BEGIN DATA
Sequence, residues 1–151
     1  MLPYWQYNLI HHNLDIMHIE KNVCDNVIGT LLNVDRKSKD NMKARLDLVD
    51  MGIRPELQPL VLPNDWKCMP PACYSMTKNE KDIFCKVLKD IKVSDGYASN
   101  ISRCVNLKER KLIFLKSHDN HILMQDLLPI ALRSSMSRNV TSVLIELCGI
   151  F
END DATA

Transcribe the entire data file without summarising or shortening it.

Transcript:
Sequence, residues 1–151
     1  MLPYWQYNLI HHNLDIMHIE KNVCDNVIGT LLNVDRKSKD NMKARLDLVD
    51  MGIRPELQPL VLPNDWKCMP PACYSMTKNE KDIFCKVLKD IKVSDGYASN
   101  ISRCVNLKER KLIFLKSHDN HILMQDLLPI ALRSSMSRNV TSVLIELCGI
   151  F